This is the sixth in the series that I have enjoyed listening to. Though we have moved into the Depression era (the beginning of 1932) the Great War continues to be an important backdrop to the story.
Maisie is recruited to work with the police, in particular a high-ranking Scot named Robbie McFarland, to find a madman sending threatening letters to the PM and others. While others are looking into the ranks of the Oswald Mosley followers, the Irish, labor, and other such groups, Maisie and her assistant Billy find the guilty party. He was a brilliant scientist, very helpful during the war in research on the chemical warfare experienced and undertaken by the British, but occasionally had to be hospitalized for mental health matters.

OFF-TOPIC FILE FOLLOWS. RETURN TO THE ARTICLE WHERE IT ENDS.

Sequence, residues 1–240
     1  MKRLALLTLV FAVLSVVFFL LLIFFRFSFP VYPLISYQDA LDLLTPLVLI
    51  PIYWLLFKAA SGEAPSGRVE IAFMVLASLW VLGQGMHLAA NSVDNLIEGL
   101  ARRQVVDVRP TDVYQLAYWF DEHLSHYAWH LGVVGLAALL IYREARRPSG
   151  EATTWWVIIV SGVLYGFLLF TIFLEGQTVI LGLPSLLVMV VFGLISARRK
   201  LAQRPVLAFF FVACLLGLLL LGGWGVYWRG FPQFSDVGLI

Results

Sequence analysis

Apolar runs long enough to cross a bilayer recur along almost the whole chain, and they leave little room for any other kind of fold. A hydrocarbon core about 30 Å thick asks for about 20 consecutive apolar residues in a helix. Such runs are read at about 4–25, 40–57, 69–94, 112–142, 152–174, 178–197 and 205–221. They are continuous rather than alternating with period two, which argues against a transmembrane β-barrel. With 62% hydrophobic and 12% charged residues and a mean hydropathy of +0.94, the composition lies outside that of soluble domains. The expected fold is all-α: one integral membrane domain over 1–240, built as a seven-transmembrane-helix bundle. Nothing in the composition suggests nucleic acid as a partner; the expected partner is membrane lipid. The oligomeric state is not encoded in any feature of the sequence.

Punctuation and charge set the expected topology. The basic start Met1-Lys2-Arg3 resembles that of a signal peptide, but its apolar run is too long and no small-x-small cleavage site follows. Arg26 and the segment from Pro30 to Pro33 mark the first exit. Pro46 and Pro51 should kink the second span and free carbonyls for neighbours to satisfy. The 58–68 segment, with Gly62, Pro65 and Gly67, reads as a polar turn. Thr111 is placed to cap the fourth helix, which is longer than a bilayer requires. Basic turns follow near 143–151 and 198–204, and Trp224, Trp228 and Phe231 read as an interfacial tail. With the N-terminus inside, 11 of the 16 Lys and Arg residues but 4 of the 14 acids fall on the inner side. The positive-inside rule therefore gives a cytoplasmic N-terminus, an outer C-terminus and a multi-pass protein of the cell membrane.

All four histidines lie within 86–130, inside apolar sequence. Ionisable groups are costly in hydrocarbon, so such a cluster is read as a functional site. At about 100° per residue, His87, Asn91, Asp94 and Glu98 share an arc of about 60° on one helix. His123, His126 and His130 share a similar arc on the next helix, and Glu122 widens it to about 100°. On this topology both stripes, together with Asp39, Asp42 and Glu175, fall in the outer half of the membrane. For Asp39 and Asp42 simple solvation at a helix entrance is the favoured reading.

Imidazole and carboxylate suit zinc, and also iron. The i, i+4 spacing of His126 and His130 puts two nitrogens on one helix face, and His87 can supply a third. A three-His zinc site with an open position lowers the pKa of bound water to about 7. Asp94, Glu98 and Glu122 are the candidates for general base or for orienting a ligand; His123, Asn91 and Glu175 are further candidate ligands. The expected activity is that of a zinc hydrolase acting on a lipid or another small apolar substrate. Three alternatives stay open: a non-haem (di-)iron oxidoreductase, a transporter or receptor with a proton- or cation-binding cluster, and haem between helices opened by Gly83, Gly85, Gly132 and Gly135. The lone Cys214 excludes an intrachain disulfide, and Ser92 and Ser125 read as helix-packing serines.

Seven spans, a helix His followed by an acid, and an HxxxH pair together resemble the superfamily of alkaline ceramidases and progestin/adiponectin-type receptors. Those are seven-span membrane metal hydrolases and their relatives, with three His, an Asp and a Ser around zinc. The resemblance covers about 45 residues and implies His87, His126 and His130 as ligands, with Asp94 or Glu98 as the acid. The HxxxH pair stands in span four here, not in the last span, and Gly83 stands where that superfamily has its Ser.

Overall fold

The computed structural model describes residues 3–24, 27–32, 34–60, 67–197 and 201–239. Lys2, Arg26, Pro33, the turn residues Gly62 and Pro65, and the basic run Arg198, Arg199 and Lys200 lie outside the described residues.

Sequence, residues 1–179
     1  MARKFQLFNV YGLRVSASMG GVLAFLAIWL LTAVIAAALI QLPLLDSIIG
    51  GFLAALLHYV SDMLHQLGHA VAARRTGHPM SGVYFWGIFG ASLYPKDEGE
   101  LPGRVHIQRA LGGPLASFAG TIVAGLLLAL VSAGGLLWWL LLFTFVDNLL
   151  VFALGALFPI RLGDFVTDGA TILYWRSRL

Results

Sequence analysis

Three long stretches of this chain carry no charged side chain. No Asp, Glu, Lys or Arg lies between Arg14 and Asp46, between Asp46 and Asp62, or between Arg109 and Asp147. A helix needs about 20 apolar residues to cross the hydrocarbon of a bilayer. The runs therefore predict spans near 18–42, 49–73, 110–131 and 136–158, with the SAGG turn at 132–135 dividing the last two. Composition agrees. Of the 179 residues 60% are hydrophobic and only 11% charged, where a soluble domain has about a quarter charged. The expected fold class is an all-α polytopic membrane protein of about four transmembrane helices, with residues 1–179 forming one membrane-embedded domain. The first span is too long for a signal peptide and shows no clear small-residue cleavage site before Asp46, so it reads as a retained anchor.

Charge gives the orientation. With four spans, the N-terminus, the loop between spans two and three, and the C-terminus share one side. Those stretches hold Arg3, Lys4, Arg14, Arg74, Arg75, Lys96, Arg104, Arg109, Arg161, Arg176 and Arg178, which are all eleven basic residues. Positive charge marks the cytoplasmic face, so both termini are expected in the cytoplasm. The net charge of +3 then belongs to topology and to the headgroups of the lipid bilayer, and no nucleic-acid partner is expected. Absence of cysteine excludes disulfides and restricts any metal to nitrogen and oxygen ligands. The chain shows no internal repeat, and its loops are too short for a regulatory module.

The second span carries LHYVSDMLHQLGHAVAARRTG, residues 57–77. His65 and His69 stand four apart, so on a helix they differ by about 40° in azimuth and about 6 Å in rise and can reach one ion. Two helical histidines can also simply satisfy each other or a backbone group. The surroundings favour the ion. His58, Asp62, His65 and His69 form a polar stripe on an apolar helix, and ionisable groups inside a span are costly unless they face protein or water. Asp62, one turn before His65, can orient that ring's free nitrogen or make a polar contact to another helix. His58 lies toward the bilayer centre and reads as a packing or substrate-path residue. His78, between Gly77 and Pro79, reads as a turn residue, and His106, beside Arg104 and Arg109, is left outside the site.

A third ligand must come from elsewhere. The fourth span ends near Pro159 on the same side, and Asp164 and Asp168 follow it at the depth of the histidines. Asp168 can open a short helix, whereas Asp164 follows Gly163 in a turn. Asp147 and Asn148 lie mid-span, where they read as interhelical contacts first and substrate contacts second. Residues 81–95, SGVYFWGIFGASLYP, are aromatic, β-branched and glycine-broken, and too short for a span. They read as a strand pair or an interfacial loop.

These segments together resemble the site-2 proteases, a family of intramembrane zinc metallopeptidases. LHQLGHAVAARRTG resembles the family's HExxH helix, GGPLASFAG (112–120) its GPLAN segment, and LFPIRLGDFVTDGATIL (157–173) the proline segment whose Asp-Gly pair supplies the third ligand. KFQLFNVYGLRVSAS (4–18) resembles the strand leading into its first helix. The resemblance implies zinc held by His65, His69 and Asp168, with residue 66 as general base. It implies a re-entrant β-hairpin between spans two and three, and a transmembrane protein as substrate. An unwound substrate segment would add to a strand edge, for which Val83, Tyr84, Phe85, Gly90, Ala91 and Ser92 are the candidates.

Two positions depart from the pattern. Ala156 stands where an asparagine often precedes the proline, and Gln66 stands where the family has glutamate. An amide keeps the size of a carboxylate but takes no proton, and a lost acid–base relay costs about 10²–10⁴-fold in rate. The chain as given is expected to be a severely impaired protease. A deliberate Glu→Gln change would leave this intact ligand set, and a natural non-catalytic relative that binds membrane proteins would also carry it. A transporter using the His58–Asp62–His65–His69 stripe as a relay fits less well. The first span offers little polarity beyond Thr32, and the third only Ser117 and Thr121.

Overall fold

The author makes the point that madness does not always present itself in a murderous way. Maisie mentions her own struggles in coping with her experiences from the war and Billie’s wife falls into a depression following the death of one of their children. Doreen is initially sent to a very old-fashioned asylum which she might never have been able to leave. Fortunately Maisie knew a more progressive doctor and Doreen is transferred to a modern institution where she began her recovery.
Jacqueline Winspear, Among the Mad, Henry Holt and Company, 2009, 320 pages (I listened to the audiobook). Available at the UVa and public libraries, and from Amazon.